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Go where your audience goes

Given it's prep football season, so lots of folks are trying their hand at posting stats, photos, video, and whatever other whiz-bang thing they can imagine.

Here's the problem. No matter how you cover high school sports, the real problem is how to get high school students to your Web site. Believe it or not, high schoolers don't tend to drop by newspaper and TV sites on a Friday night or Saturday morning. Generally, they see those sites as more for their parents than for them.

I'm told that Augusta sends people to local games to take "Spotted" photos. You know those by now. Volunteers take pictures not of the games, but of the people at the games. They hand out business cards telling folks, "You've been Spotted" and directing them to find the photos on the Web site.

Now that's a good marketing ploy. (But I don't see the Spotted photos in the prep football section.) It's a start, at least. Someone actually got out of the newsroom and made an effort. Let me know if you've heard other good ideas for getting high schoolers online.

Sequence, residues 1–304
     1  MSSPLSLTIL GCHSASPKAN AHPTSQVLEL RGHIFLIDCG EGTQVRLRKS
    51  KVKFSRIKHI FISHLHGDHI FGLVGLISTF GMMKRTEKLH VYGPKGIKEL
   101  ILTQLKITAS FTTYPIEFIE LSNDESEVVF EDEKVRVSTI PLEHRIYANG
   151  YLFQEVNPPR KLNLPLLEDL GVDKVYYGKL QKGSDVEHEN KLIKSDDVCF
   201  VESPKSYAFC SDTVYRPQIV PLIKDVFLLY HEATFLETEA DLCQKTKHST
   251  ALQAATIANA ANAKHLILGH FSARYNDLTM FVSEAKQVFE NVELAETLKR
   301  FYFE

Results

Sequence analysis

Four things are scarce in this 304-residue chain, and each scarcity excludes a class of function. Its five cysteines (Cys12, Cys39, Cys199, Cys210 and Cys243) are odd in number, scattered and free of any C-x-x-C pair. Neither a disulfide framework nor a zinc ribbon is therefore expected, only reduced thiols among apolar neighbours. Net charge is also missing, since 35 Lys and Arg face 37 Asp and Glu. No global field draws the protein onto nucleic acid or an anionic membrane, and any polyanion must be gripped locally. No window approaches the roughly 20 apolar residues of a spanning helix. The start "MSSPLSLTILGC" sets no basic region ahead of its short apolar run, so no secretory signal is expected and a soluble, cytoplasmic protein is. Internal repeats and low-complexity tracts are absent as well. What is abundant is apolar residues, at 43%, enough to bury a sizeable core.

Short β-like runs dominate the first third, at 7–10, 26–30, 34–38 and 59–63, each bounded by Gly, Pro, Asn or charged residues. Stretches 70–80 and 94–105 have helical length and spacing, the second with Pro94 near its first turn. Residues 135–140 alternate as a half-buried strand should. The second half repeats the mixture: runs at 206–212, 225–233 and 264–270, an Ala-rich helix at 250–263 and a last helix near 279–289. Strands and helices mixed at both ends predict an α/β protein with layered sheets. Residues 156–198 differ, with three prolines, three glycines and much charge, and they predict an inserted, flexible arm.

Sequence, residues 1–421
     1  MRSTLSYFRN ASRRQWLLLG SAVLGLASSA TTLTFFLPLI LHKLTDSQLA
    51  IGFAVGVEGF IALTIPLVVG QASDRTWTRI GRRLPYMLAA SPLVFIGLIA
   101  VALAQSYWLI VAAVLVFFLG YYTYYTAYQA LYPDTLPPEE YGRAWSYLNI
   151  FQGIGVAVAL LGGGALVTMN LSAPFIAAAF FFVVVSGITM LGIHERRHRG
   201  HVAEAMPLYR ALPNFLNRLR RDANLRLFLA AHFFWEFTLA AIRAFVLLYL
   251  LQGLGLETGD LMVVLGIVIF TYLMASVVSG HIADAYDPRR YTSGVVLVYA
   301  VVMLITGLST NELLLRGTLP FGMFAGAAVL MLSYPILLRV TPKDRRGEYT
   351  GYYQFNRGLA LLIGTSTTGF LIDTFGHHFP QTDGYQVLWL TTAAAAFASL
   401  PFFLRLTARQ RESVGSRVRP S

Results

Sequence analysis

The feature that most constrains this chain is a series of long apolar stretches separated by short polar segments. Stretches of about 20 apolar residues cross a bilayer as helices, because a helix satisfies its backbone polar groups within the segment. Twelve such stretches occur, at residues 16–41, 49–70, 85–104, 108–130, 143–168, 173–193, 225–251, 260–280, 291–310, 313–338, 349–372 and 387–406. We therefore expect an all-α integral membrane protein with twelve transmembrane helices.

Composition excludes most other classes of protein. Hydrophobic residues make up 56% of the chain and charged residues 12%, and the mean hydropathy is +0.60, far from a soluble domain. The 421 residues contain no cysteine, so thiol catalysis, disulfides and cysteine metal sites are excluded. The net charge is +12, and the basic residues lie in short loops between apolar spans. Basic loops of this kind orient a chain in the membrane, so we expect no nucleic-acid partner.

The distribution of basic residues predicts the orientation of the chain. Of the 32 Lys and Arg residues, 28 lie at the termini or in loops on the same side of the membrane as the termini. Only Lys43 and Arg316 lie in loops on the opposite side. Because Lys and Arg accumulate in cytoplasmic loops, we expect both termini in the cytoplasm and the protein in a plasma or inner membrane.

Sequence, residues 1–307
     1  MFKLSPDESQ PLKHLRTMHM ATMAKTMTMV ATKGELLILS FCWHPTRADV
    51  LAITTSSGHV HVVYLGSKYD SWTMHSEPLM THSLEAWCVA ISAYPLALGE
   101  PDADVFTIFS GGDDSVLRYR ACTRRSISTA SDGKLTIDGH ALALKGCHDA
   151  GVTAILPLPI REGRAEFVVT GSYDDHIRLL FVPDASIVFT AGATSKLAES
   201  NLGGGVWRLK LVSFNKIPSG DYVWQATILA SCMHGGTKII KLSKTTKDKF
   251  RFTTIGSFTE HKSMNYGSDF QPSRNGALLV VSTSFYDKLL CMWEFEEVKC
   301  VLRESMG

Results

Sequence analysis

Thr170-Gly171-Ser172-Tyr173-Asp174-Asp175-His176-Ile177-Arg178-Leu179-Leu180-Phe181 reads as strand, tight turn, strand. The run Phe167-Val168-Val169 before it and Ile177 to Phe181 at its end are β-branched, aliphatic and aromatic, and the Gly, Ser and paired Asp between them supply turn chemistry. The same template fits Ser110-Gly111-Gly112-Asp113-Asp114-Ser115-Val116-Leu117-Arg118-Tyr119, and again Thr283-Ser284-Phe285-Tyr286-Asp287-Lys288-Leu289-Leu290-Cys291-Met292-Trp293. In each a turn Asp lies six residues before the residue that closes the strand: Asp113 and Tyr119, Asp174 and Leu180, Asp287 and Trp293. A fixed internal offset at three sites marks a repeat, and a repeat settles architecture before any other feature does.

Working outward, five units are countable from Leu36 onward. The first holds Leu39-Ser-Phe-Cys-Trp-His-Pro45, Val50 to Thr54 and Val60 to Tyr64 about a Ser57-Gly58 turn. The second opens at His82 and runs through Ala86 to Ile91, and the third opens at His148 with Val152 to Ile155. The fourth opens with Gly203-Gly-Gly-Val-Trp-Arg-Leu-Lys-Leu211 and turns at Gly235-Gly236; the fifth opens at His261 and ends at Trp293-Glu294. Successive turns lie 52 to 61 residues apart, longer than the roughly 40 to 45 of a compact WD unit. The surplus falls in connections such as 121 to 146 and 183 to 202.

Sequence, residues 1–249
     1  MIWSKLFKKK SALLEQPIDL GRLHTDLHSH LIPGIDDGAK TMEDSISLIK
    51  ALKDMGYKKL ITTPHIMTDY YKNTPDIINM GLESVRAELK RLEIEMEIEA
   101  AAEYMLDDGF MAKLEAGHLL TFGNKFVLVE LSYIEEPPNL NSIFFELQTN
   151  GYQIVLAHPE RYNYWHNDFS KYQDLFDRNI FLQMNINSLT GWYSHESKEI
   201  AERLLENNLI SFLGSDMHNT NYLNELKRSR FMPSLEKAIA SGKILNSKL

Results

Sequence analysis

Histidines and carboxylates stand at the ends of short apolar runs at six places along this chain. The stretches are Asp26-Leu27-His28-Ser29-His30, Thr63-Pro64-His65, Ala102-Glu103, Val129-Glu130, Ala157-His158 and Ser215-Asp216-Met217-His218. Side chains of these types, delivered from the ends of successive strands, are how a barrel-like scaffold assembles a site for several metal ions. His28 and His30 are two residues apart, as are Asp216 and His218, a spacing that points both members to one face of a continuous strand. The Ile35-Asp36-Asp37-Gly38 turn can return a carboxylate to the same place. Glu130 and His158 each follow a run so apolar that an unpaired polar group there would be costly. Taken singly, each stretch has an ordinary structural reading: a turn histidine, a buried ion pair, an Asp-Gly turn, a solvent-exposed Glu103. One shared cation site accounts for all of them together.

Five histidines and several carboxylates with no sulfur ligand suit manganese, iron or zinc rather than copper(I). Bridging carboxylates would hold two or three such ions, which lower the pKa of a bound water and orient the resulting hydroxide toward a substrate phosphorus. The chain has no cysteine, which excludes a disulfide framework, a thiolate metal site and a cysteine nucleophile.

Bottomline is newspapers can't afford to use the "Field of Dreams" approach to Web design. "If you build it, they will come" is a fictional storyline, not a business model.

Comments (2)

I have long heard about the resistance of professional photojournalists and sports writers toward preps. Many (not all) of them think they are too good to cover preps. They want to cover college teams and the pros. Snobs.

Combine this with the shrinking pool of high school journalists -- high school principals like to shut down newspapers, or at least censor them. Bad p.r., you know?

Why not train the high school students to cover their own school's sports, in detail? Train them to shoot video and stills (yeah, I know, you're saying: "Training?!"). Give them a nice-looking area on the newspaper Web site and access to uploading tools.

I'm thinkin': Naples News's PrepZone -- but as a training ground for the future audience, the kids now in high school.

The idea of encouraging the students themselves to take control of the content is the right one. But it has to be in areas, such as Spotted photos, where there isn't already editorial coverage.

By getting them to do the work, they'll also inherently start the marketing, as well, via word of mouth.

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